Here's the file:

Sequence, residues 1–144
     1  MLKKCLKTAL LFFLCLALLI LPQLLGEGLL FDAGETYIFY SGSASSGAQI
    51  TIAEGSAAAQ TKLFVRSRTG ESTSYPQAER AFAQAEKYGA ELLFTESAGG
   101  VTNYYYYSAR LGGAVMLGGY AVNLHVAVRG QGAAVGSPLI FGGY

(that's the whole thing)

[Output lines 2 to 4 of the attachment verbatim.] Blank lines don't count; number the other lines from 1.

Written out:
     1  MLKKCLKTAL LFFLCLALLI LPQLLGEGLL FDAGETYIFY SGSASSGAQI
    51  TIAEGSAAAQ TKLFVRSRTG ESTSYPQAER AFAQAEKYGA ELLFTESAGG
   101  VTNYYYYSAR LGGAVMLGGY AVNLHVAVRG QGAAVGSPLI FGGY